• 19. 4 Two Concepts of Mindhas conscious experiences of his or her own. If all goes well, these characterizations willhelp establish that it is just those that we are talking about. The subject matter is perhaps best characterized as “the subjective quality of experi-ence”. When we perceive, think, and act, there is a whir of causation and information-processing, but this processing does not usually go on in the dark. There is also an inter-nal aspect; there is something it feels like to be a cognitive agent. This internal aspect isconscious experience. Conscious experiences range from vivid color sensations to experi-ences of the faintest background aromas; from hard-edged pains to the elusive experience ofthoughts on the tip of one’s tongue; from mundane sounds and smells to the encompassinggrandeur of musical experience; from the triviality of a nagging itch to the weight of a deepexistential angst; from the specificity of the taste of peppermint to the generality of one’s ex-perience of selfhood. All these have a distinct experienced quality. All are prominent partsof the inner life of the mind. We can say that a being is conscious if there is something it is like to be that being, touse a phrase made famous by Thomas Nagel.1 Similarly, a mental state is conscious if thereis something it is like to be in that mental state. Equivalently, we can say that a mentalstate is conscious if it has a qualitative feel—an associated quality of experience. Thesequalitative feels are also known as phenomenal qualities, or qualia for short.2 The problemof explaining these phenomenal qualities is just the problem of explaining consciousness.This is the really hard part of the mind–body problem. Why should there be conscious experience at all? From a subjective viewpoint it is themost familiar element of nature, but from the objective viewpoint it is utterly unexpected.Taking the objective view, we can tell a story about how fields, waves, and particles in thespatiotemporal manifold interact in subtle ways, leading to the development of complex sys-tems such as brains. In principle, there is no deep philosophical mystery in the fact that thesesystems can process information in complex ways, react to stimuli with sophisticated behav-ior, and even exhibit such complex capacities as learning, memory, and language. All this isimpressive, but it is not metaphysically baffling. In contrast, the existence of conscious ex-perience seems to be a new feature from this viewpoint. It is not something that one wouldhave predicted from the other features alone. We can call this the Surprise Principle: if all we knew about were the facts of physics,and even the facts about dynamics and information-processing in complex systems, then theexistence of conscious experience would come as a surprise to us. From the third-personpoint of view, there seems to be no compelling reason to postulate the phenomenon. If itwere not for our direct evidence in the first-person case, the hypothesis would seem unwar-ranted; almost mystical, perhaps. Yet there is conscious experience. We know about it moredirectly than we know about anything else. The question is, how do we reconcile consciousexperience with everything else we know? Conscious experience is a natural phenomenon. It is part of the natural world, and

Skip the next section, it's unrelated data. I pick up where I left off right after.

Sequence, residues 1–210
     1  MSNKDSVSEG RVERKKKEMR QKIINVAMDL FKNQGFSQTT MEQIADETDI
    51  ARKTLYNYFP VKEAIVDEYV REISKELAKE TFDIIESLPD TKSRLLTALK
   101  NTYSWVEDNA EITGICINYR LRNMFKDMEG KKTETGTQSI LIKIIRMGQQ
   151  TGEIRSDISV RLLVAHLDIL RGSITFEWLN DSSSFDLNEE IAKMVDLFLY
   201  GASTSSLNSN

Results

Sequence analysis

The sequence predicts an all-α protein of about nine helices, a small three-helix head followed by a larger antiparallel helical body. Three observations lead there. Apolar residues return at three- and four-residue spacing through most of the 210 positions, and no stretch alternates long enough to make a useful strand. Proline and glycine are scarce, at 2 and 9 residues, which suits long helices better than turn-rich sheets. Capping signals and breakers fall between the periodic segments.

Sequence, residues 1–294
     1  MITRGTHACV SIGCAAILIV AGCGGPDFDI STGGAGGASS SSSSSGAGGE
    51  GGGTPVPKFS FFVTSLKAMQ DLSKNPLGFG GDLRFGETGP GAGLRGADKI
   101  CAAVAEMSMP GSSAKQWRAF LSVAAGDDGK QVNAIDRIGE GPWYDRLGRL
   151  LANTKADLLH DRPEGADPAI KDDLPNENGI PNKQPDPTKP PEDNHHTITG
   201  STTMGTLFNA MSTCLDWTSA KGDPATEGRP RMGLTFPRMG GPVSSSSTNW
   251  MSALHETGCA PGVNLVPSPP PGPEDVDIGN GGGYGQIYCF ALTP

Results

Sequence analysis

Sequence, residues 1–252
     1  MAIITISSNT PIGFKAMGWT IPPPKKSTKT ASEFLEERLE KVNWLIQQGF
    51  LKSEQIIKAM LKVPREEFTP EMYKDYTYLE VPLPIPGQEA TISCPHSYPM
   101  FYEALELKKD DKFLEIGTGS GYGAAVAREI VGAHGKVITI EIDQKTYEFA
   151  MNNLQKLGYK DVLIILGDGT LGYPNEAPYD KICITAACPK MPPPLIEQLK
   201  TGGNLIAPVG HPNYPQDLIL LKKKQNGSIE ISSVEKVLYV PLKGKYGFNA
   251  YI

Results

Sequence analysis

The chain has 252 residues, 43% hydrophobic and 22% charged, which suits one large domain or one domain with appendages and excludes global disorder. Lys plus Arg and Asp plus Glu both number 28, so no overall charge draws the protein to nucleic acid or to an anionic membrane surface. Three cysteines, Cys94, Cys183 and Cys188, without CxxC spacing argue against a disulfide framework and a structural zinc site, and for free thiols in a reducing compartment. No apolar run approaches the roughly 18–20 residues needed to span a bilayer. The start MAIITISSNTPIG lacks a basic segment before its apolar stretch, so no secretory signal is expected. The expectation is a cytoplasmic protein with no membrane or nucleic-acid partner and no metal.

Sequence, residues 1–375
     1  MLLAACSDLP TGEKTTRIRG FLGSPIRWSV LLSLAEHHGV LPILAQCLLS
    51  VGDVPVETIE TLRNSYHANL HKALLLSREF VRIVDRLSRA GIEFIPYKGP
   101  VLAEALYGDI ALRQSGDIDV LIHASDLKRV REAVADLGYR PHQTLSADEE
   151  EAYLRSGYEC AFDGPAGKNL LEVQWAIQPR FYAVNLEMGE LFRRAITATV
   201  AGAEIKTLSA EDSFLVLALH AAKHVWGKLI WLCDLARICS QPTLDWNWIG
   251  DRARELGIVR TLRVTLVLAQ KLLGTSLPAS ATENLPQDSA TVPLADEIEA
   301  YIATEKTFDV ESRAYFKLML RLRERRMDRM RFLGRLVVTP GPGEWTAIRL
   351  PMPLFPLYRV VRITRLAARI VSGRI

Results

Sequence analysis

• 20. What is consciousness? 5like other natural phenomena it cries out for explanation. There are at least two major ex-plananda here. The first and most central is the very existence of consciousness. Why doesconscious experience exist? If it arises from physical systems, as seems likely, how does itarise? This leads to some more specific questions. Is consciousness itself physical, or is itmerely a concomitant of physical systems? How widespread is consciousness? Do mice,for example, have conscious experience? A second explanandum is the specific character of conscious experiences. Given thatconscious experience exists, why do individual experiences have their particular nature?When I open my eyes and look around my office, why do I have this sort of complex expe-rience? At a more specific level, why is seeing red like this, rather than like that? It seemscoherent that when looking at red things, such as roses, one might have had the sort of colorexperiences that one in fact has when looking at blue things. Why is the experience one wayrather than the other? Why, for that matter, do we experience the reddish sensation3 that wedo, rather than some entirely different kind of sensation, like the sound of a trumpet? When someone strikes middle C on the piano, a complex chain of events is set into place.Sound vibrates in the air and a wave travels to my ear. The wave is processed and analyzedinto frequencies inside the ear, and a signal is sent to the auditory cortex. Further process-ing takes place here: isolation of certain aspects of the signal, categorization, and ultimatelyreaction. All this is not so hard to understand in principle. But why should this be accompa-nied by an experience? And why, in particular, should it be accompanied by that experience,with its characteristic rich tone and timbre? It is these two questions that we would like atheory of consciousness to answer. Ultimately one would like a theory of consciousness to do at least the following. Itshould give the conditions under which physical processes give rise to consciousness, andfor those processes that give rise to consciousness, it should specify just what sort of ex-perience is associated. And we would like the theory to explain how it arises, so that theemergence of consciousness seems intelligible rather than magical. In the end, we wouldlike the theory to enable us to see consciousness as an integral part of the natural world.Currently it may be hard to see what such a theory would be like, but without such a theorywe could not be said to fully understand consciousness. Before proceeding, a note on terminology. The term “consciousness” is ambiguous, re-ferring to a number of phenomena. Sometimes it is used to refer to a cognitive capacity,such as the ability to introspect or to report one’s mental states. Sometimes it is used syn-onymously with “awakeness”. Sometimes it is closely tied to our ability to focus attention,or to voluntarily control our behavior. Sometimes “to be conscious of something” comes tothe same thing as “to know about something”. All of these are accepted uses of the term,but all pick out phenomena distinct from the subject I am discussing, and phenomena thatare significantly less difficult to explain. I will say more about these alternative notions ofconsciousness later, but for now, when I talk about consciousness, I am talking only aboutthe subjective quality of experience: what it is like to be a cognitive agent.